It seemed impossible after a rash of preseason injuries, but No. 24 Missouri can finish third in the Southeastern Conference on Sunday with a little help.
The Tigers (20-9, 10-5 SEC) currently sit alone in fourth place in the conference standings despite losing two key players to season-ending knee injuries before the season.
Senior forward Jordan Frericks, who led Mizzou in rebounding each of the last three seasons, and junior Bri Porter both suffered a torn ACL during preseason practice.
Frericks will return for a redshirt senior season next fall, but Porter, who’s suffered five torn ACLs in her career, won’t play competitive basketball again.
Premium content for only $0.99
For the most comprehensive local coverage, subscribe today.
If was expected to be a massive blow for the Tigers, who were picked to finish seventh by the SEC coaches and eighth by the media in preseason conference polls.
Instead, Mizzou is guaranteed a double-bye in next week’s SEC Women’s Basketball Tournament in Greenville, S.C., with a win Sunday at Alabama (17-11, 5-10 SEC).
“To have that be a conversation is awfully exciting,” seventh-year Tigers coach Robin Pingeton said. “It has been a year of challenges with our injuries.”
The formula for finishing tied for third — and claiming a tiebreaker for the No. 3 seed at next week’s conference tourney, while also likely cementing a better seed for the NCAA Tournament next month — is simple.
Win and hope No. 22 Kentucky (20-8, 11-4 SEC) loses Sunday at No. 7 South Carolina.
The two-time reigning champion Gamecocks (23-4, 13-2 SEC) are tied atop the SEC standings with No. 3 Mississippi State (27-2, 13-2 SEC), who hosts Tennessee on Sunday.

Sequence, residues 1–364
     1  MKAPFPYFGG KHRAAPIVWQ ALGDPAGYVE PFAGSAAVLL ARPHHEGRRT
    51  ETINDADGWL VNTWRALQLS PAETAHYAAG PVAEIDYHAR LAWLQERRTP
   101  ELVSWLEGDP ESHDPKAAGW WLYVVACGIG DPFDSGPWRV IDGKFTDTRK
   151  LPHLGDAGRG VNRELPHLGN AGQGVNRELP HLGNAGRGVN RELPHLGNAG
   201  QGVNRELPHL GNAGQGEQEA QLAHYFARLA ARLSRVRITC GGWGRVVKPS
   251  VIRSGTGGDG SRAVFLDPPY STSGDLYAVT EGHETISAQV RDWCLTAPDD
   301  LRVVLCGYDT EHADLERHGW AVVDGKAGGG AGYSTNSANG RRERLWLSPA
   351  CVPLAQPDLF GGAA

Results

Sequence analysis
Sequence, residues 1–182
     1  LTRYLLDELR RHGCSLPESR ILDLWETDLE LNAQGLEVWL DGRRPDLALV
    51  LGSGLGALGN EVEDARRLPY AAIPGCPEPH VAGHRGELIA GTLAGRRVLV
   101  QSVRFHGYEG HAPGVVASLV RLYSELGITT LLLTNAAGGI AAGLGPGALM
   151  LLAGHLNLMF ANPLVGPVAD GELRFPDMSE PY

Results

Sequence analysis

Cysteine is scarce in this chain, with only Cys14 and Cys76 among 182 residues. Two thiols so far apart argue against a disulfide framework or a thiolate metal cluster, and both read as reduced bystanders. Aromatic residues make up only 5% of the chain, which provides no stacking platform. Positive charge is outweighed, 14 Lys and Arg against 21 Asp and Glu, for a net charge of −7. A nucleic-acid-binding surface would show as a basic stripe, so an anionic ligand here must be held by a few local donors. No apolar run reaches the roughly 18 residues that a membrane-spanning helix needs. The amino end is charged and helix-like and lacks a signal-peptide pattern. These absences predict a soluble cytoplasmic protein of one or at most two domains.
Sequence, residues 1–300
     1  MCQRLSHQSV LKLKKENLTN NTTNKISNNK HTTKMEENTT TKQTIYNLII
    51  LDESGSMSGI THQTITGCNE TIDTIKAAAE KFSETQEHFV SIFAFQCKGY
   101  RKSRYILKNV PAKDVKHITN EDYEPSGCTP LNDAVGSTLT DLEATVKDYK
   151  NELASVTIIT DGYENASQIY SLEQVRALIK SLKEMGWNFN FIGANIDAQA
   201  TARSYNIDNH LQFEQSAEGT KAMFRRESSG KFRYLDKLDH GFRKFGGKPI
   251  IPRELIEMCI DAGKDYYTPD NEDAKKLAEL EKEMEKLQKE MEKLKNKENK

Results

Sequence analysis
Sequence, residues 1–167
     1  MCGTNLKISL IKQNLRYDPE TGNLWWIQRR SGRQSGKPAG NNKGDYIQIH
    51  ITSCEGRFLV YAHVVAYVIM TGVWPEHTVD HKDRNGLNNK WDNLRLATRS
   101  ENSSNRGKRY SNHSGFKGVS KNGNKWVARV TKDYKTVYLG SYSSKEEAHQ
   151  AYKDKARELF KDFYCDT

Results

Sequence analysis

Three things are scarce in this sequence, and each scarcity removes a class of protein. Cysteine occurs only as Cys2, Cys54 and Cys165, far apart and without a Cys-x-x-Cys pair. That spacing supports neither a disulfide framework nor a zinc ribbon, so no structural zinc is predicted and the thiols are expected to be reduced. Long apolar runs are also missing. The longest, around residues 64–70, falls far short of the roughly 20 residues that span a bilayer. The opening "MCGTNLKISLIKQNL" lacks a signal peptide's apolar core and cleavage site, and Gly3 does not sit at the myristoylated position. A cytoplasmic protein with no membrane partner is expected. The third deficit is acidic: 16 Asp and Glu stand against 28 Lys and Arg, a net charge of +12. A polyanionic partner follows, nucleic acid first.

If the Tigers win and the Wildcats lose, it would create a third-place tie.
The teams split the season series, but Mizzou’s win Feb. 19 against South Carolina would break the tie for conference-tourney seeding.
With the Gamecocks serving as a de facto home team for the SEC tourney, the value of the No. 3 seed is that it prevents any possibility of facing coach Dawn Staley’s squad before the championship.
While it’s true that Mizzou went 22-10 last season, posting the program’s first 20-win campaign since 2005-06 and winning its first NCAA Tournament game since 2000-01, this season’s success despite the preseason attrition is impressive.
“We talk about life lessons a lot in that locker room and sometimes we predetermine what some things should look like and they don’t go quite our way, so you’ve got a choice to make,” Pingeton said. “You can hang in and stay the course or you can feel sorry for yourself. These kids just haven’t done (the latter).”
Barring a loss against the Crimson Tide coupled with a Tennessee upset at Mississippi State, the Tigers are guaranteed to finish no worse than a No. 4 seed at the conference tourney.